An NCAA survey of student-athletes revealed that a majority of student-athletes surveyed reported experiencing high rates of mental distress since the outset of the COVID-19 pandemic. Over a third reported experiencing sleep difficulties, more than a quarter reported feeling sadness and a sense of loss, and 1 in 12 reported feeling so depressed it has been difficult to function, “constantly” or “most every day.” Mental health concerns were highest among respondents of color, those whose families are facing economic hardship and those living alone. Additionally, college seniors reported a sense of loss at 1.5 times the rate of underclassmen. In most instances, the rates of mental health concerns experienced within the last month were 150% to 250% higher than historically reported by NCAA student-athletes in the American College Health Association’s National College Health Assessment. For these reasons, considerations should be given to a focused mental health evaluation as part of pre-participation medical screenings, focusing on mental health symptoms and disorders that may have either developed or become exacerbated as a result of this pandemic.

Individual and Facility Health Hygiene Practices

Athletics departments should consider how best to promote and support appropriate adherence by student-athletes and athletics staff to applicable health hygiene recommendations including, among others, those described below:

  • Hand hygiene.
  • Physical distancing.
  • Use of face masks/coverings where physical distancing isn’t feasible.
  • Proper cough and sneeze etiquette.
  • Not touching the face
  • Those feeling ill staying at home, or if they begin to feel ill once on site, avoiding contact with others, departing for home, and informing a physician and/or athletics health care provider.

In addition, athletics departments should give focused consideration to how staff and student-athletes might best align those practices with athletically related activities, especially those involving cardiovascular and group workouts.

Beyond individual hygiene practices, institutions should consider the development of protocols and techniques that speak to the serious risks related to the sharing of items like towels, water bottles and food and the importance of appropriate cleaning and disinfecting of shared equipment and spaces. Similarly, schools should evaluate how best to promote and support the same protocols to student-athletes, custodial and food services staff, medical personnel, coaches and other athletics department personnel.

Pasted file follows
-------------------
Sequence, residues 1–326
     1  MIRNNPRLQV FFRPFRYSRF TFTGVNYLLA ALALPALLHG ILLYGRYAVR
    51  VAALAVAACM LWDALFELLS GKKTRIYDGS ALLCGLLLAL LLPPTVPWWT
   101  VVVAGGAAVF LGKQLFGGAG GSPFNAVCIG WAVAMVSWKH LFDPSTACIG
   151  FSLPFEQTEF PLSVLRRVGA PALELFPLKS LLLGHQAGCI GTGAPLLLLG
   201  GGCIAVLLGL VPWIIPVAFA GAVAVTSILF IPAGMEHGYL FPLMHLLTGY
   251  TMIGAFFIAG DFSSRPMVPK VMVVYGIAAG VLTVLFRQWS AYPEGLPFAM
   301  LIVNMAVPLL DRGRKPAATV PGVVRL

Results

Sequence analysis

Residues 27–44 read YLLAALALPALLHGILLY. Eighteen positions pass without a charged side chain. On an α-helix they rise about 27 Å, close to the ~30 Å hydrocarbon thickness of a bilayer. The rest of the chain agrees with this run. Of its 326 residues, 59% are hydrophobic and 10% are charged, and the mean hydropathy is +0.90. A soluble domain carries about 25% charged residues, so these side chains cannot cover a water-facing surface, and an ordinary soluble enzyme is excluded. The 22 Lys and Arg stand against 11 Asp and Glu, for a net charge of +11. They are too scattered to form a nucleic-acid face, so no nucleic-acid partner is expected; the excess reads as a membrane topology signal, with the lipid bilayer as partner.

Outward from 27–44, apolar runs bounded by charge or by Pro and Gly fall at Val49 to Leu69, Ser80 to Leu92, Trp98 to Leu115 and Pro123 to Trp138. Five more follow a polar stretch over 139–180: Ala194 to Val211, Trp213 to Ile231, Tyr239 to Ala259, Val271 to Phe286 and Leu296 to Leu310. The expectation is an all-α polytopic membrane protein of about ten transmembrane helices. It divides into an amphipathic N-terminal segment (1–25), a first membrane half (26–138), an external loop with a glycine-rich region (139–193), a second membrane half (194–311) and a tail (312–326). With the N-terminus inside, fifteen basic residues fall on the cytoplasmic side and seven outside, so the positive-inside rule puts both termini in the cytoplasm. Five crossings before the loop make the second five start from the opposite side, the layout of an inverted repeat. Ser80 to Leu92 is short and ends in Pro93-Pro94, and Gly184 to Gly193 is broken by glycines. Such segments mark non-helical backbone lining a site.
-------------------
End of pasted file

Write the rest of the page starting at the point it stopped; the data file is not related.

Physical Distancing

As noted in the Core Principles document, resocialization of each sport begins as Phase One, and then progresses to Phases Two and Three in a manner consistent with established gating criteria. During Phases One and Two, strength and conditioning and other sport activities are conducted with the physical distancing guidance provided in the document. Although physical distancing is not possible during Phase Three practice and competition in high-contact risk sports (see below), institutions should consider how best to promote appropriate physical distancing practices outside of such organized sport/exercise activities, including in waiting and seating areas, entrances, exits and hallways in other high-volume common areas including, among others:

  • Athletics training rooms and other sports medicine facilities.
  • Athletics locker rooms.
  • Strength and conditioning facilities.
  • Team meeting rooms.
  • Athletics academic areas.
  • Athletics dining areas.

Similarly, departments should consider using virtual team meetings whenever appropriate and possible.

Infection Monitoring and Response Considerations

Infection Testing and Surveillance

Sports and activities vary with regard to potential contact with the SARS-CoV-2 virus. Accordingly, sports and activities may be divided into low contact risk (e.g., bowling, cross country, diving, golf, gymnastics, rifle, skiing, swimming and diving, tennis and track and field); medium contact risk (e.g., baseball, softball); and high contact risk (e.g., basketball, field hockey, football, ice hockey, lacrosse, rowing, soccer, volleyball, water polo, wrestling). Further, athletics staff may be divided into those with close contact (“inner bubble”), intermediate contact (“intermediate bubble”) and limited or no contact (“outer bubble”) with student-athletes. Surveillance and testing protocols should consider both the type of sport and the “bubble” of athletics personnel.

Each institution should proactively and carefully consider how it will monitor and respond to potential cases of COVID-19 within the athletics department. Surveillance and testing are considered by many to be the foundation of a successful COVID-19 monitoring and management plan. However, the infrastructure and details that underlie any surveillance and testing plan will likely depend on the unique nature of state, local and institutional guidelines and will vary from institution to institution.

Many different types of testing have been introduced and discussed by community health leaders since the onset of COVID-19.

Diagnostic Testing — Two distinct tests are included in diagnostic testing:

  1. Polymerase chain reaction testing for viral particles. PCR testing assesses for the genetic information of the virus, that is present in an individual who is actively infected. PCR testing has traditionally relied on nasopharyngeal swabs and a specified reagent for completion of the test.
  2. Antigen testing. Antigen testing assesses for proteins found on or within the virus. Antigen testing does not require the reagent and nasopharyngeal swabs that have been traditionally used for PCR testing. This allows antigen testing to be completed as a point-of-care test, meaning that the results are provided by a specific device on site and within minutes.